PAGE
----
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Nepalese Notebook: September 21st, 2014

September 21st, 2014
Bhimtang 3800m. by Larkya La Pass 5160m.
You close the metal door of your stone hut in blank wet darkness; a few hours later you wake in darkness again, but the door opens on a vast expanse of stars and the horned moon descending to the peaks of the mountains.  Space and the all-encompassing universe feel not so far away; the difference is realization.  The weather had calmed, no wind was blowing, and the silence of morning and breakfast began ringing in the dinner hall.  The keeper was there, no worse for the wear, and all were speaking of the fine day with eagerness and angst.


We left at dawn, and by the time we reached the moraine of Larkya Glacier, where there rested a beautiful jade-like pool of absolutely still water, the sun was shining brilliantly on the high summits.  The snow that had fallen the night before brought the good fortune this morning of showing us the tracks of a snow leopard which had followed our trail until just after the pass, leaving its …
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Nepalese Notebook: September 20th, 2014

September 20th, 2014

Dharamsala 4460m.

Clouds and rain; cold and rough all day.  Life is very rudimentary here, the lodgings as well.  The Budi Gadanki, the river that we have followed for a week and a half now, passes us by as a small stream in the far-off expanse, something one would not easily recognize, nor give any importance to, had they not seen it swirling past them in Arughat.  Though we could see it become smaller and more rapid each day, it did not seem that it would actually disappear into the ground, or begin falling from a glacier, apart of the glacier itself even, and of the snow last night--but that's what seems to be the source of all things: there but not there.  It is hard enough to rectify this sentiment throughout the long chain of events we live, and whether it is because of the high opinion of ourselves or the low opinion we have of the things around us, the movement is never really close to what we expect its nature to be.  Now that the river is but a small s…

Nepalese Notebook: September 19th, 2014

September 19th, 2014

Samdo 3875m.

Yesterday was a rest day.  We took a short side-trip to Birendra Tal, a glacial lake on the trail up to Manaslu Base Camp.  On our way there we passed a Gumpa where  an old lady was drying yak meat on a blanket near the door.  Inside was a statue of Guru Rinpoche, the man who brought Buddhism to Tibet in the 8th century, perhaps along the same trails we are on now.  There was also another young woman who had a child that was crying hysterically--only later did we find out it was because of our presence.  Near the lake we had a marvelous view of the glacier higher up and could hear the cracking and grinding movements of the ice.  All around us were mountains of up to 8000 meters and the silence was so profound that between the few words we exchanged with our companion, the sound of avalanches echoed throughout the valley.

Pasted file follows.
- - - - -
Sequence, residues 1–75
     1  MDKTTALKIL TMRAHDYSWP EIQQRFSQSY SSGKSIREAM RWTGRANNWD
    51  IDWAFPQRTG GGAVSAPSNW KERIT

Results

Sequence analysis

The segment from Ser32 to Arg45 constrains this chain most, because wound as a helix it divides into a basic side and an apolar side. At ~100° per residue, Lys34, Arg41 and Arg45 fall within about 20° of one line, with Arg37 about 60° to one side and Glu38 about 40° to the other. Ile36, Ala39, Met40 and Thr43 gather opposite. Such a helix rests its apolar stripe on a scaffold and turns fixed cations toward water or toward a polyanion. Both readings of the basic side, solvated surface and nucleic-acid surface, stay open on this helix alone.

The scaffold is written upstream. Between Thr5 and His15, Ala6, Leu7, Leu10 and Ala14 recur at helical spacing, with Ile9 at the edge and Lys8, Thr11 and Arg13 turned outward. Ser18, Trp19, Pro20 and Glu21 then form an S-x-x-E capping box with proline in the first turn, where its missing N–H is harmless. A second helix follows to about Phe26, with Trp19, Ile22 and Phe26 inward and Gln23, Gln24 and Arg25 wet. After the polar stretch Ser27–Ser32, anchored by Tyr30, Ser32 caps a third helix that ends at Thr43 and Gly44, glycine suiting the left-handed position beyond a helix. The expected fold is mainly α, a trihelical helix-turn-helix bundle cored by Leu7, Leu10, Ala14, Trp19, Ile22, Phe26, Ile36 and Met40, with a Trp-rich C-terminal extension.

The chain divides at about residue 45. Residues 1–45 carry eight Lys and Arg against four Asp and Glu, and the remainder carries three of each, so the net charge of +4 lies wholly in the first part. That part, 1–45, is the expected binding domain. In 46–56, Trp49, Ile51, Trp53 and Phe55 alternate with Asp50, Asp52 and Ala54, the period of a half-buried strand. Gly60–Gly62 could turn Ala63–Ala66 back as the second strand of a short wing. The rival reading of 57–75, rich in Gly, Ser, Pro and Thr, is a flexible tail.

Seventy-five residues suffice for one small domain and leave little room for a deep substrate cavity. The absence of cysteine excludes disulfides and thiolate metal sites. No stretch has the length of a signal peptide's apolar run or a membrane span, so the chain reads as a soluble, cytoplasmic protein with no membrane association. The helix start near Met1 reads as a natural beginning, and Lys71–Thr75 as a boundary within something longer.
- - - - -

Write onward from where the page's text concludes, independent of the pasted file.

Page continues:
Short walk today; the altitude tires one quickly.  Samdo is perched on an eminence above Larkya Bazar, a place where a seasonal Tibetan…

Nepalese Notebook: September 17th, 2014

September 17th, 2014

Samagaun 3550m.

Clear morning; Lho was as a spring day in the sunshine of the early hours, and everything that seemed untouchable yesterday was for a moment understandable, creating once more another aspect to our journey.  There was a strange feeling of confidence all around, and it seemed that wherever we were going that day, was indeed the one and only thing that mattered to anyone who crossed our path, and most importantly, to us.  Manaslu Himal (8165m.) and Manaslu North (7157m.), covered in the whitest snow, were visible for the first time, along with many other unknown peaks, showing us what our trail had yet to encounter, and proving still that we had much more to climb. We visited the Ribung Gompa on the way out of Lho, a Buddhist Monastery, and were greeted with hellos from the monks who were busy making repairs far away in another building up the hillside.  A young attendant monk waited on us and showed what buildings we could look into and explained thi…

Nepalese Notebook: September 16th, 2014

September 16th, 2014

Lho 3180m. 


Arrived in the buffer zone of Tibet.  The landscape has gone from jungle to high plateau in the matter of a week.  Aside from all this though, there is something more pervasive, it is as if we have crossed an invisible barrier and now the opposites that seemed so far apart--good and bad, rich and poor, beautiful and ugly, all those things perhaps which define our lives--have been gathered into one original intention, the place where all things start.  Maybe it was that the first breath, the first thought, or the first idea, came down from such high mountains.  It is difficult not to fall in to the feeling that something sacred is at work, but the contradictory nature of all things at this level of altitude, perhaps even at this level of moral judgment, is of far greater importance and exceeds any majority.
Temples have appeared out of the clouds; people come back from the higher altitudes looking dazed and enter in and out of the tea-houses without cere…